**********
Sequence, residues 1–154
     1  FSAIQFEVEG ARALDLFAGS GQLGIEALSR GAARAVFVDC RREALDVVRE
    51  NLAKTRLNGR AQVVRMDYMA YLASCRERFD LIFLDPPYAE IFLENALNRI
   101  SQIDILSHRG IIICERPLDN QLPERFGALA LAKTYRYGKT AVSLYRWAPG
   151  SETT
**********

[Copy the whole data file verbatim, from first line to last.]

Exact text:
Sequence, residues 1–154
     1  FSAIQFEVEG ARALDLFAGS GQLGIEALSR GAARAVFVDC RREALDVVRE
    51  NLAKTRLNGR AQVVRMDYMA YLASCRERFD LIFLDPPYAE IFLENALNRI
   101  SQIDILSHRG IIICERPLDN QLPERFGALA LAKTYRYGKT AVSLYRWAPG
   151  SETT